DEAR ABBY: The problem my husband and I face is probably not unique, but we desperately need some advice. His 16-year-old daughter is very loving and affectionate, but she's also easily led; consequently she's being taken advantage of by her so-called boyfriends.
"Stacy" visits us on weekends, so we have no control over her behavior during the week when the problems occur. She has been boy-crazy for a couple of years now, but I was shocked at what I read in an open notebook she left on her bed. Daddy's seemingly innocent little girl is not innocent at all. The notebook is a journal in which she has written her feelings and experiences -- in shockingly vulgar language. According to the diary, she has had many sexual encounters with three boys.
When I revealed what I had read to her father, he was devastated. We have had talks with Stacy about sex, but apparently to no avail. We fear that if we confront her, she'll stop spending weekends with us.
Her father and I know that her mother must be told what's going on, but Stacy is sure to feel betrayed when we spill the beans. Also, we fear the potential consequences Stacy will face from her mother.
To further complicate the problem, my husband would rather eat glass than talk to Stacy's mother because of her temper and inability to set aside her personal feelings to focus on what's best for this child.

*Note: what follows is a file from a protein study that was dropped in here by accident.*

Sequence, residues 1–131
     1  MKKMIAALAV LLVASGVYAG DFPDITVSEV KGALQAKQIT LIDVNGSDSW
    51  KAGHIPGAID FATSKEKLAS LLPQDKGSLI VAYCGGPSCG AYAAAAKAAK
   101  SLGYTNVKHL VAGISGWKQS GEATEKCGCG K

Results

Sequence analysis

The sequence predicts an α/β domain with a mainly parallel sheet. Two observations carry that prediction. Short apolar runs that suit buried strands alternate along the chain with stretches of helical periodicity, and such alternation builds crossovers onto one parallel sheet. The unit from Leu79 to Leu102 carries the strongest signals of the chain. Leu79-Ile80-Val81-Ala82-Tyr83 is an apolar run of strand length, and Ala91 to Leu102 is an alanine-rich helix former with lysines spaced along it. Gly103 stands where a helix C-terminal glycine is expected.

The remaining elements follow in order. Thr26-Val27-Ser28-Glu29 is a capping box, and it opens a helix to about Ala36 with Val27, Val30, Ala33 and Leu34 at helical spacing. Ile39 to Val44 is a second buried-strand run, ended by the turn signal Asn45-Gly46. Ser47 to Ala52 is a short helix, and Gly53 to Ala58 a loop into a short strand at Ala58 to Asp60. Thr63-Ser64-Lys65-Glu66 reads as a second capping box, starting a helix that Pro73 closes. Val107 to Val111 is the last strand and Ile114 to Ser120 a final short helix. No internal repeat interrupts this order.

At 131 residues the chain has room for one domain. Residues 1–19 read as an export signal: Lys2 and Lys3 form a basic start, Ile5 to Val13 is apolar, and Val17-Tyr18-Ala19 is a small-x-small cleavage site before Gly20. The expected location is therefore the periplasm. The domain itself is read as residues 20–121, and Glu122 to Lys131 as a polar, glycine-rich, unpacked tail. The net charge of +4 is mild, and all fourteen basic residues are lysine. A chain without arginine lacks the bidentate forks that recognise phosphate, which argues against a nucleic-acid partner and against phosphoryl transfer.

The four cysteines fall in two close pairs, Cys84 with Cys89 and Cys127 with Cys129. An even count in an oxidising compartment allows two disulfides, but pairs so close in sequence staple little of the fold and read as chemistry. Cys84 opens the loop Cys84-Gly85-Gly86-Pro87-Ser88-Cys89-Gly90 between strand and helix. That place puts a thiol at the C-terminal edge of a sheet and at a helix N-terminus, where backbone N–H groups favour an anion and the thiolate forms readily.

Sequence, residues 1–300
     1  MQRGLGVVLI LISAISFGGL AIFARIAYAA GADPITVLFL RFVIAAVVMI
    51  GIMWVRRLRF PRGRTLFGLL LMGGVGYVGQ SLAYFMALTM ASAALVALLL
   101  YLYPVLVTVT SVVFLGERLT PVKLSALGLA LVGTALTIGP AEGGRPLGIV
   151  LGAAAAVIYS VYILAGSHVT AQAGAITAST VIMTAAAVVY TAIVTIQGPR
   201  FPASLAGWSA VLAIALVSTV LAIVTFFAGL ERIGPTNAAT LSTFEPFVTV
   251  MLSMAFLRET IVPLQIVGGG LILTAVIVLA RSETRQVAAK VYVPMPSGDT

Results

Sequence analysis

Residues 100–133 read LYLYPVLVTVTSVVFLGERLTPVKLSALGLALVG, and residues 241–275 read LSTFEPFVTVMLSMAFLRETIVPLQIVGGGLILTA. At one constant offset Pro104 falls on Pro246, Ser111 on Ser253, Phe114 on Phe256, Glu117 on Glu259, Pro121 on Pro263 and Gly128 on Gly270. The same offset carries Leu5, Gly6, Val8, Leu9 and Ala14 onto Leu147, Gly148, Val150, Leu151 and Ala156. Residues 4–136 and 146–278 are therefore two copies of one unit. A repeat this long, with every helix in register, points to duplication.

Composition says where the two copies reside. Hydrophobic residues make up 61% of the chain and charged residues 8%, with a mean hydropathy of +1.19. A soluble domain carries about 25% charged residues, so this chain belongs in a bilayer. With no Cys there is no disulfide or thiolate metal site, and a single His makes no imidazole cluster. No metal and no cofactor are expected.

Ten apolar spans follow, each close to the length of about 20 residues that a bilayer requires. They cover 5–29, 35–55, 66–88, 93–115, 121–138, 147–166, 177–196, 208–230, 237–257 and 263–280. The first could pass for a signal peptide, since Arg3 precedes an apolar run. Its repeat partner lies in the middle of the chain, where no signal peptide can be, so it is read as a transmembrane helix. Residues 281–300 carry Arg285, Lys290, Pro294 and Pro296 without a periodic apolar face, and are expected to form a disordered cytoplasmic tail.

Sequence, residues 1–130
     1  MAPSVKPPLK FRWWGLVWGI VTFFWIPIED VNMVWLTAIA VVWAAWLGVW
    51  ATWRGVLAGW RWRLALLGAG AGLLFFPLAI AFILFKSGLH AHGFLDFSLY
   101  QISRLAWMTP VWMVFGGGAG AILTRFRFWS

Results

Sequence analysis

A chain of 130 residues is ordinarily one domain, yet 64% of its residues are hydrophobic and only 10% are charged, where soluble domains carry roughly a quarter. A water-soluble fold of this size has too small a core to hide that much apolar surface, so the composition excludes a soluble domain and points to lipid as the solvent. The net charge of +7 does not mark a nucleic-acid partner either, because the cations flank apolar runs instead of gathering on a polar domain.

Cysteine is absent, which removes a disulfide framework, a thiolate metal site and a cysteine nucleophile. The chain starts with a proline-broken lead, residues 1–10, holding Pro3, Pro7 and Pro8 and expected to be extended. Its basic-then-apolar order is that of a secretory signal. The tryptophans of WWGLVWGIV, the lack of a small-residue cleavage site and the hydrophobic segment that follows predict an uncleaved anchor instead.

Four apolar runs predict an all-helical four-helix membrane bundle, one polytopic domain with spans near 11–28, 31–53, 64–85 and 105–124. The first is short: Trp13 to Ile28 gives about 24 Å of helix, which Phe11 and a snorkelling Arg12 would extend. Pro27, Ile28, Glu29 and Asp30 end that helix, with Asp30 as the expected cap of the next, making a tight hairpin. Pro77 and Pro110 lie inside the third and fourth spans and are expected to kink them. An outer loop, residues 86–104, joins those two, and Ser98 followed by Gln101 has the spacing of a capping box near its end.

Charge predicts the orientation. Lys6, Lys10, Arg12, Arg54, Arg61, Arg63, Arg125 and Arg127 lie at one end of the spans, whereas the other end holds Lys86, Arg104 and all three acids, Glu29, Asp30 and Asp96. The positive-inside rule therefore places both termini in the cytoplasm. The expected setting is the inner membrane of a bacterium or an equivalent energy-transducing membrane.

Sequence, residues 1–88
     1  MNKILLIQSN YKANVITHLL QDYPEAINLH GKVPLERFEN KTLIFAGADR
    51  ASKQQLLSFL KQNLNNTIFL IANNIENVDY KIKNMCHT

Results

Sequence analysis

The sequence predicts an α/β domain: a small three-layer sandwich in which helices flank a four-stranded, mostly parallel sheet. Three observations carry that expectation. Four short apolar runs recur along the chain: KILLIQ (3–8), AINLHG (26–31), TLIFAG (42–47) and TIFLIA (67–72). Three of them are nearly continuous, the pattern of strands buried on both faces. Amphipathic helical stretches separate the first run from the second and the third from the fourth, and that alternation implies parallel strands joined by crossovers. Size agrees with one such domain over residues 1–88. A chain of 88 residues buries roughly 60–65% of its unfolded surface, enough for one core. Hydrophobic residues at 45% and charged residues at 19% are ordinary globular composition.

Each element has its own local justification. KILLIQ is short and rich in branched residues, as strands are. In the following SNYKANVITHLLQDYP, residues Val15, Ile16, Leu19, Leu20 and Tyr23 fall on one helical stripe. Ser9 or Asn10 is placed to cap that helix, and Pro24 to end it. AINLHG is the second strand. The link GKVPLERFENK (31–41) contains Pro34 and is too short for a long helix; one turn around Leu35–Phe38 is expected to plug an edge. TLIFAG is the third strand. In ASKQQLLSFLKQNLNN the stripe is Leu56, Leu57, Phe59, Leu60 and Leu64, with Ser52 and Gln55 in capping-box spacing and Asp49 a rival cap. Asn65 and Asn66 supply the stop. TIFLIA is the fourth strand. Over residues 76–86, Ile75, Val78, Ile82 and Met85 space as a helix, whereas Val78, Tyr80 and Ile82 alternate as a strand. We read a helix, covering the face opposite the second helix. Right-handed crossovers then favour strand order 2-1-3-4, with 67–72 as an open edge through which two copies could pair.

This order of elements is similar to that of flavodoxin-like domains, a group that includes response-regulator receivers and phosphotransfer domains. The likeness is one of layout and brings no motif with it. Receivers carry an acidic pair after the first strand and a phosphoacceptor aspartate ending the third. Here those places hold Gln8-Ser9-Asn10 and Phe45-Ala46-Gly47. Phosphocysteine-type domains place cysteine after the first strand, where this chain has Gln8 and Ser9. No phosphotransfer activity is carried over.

Abby, how do we advise her mother with the least possible risk to our relationship with Stacy? -- NO NAME OR CITY, PLEASE
DEAR NO NAME OR CITY: Calm yourselves. What you read in Stacy's diary may not necessarily be true. Teen-age girls have been known to engage in creative writing in filling the pages of their diaries.
You and her father need to discuss this with her, and determine how sexually experienced she is. Begin by saying, "You left your diary open on your bed, and we have reason to believe you have become sexually active. No one was trying to pry. What shall we tell your mother?"
If Stacy is sexually active, she needs birth control. And repeat what she needs to know about sexually transmitted diseases and how to protect herself from them.
DEAR ABBY: After reading the letter signed "Caregiver in La Canada," I had to write. "Caregiver" stated that she has family members in nursing homes across the country and is "unable to visit them as I'd like, although they are always in my thoughts and prayers. I would be horrified to discover that a nursing home staff member had given the name of one of my relatives to a stranger."
Well, Abby, I worked in a nursing home for years and saw firsthand how much it meant to residents to have a "real-live" visitor. I have also just completed chemotherapy treatments and have felt firsthand appreciation for real-live visitors and personal letters of caring.
While thoughts and prayers are wonderful, nothing says "I love you" like a hug! -- LINDA IN NEW JERSEY
DEAR LINDA: You're right on the money. Nothing teaches like personal experience. I wish you continued success in your recovery.
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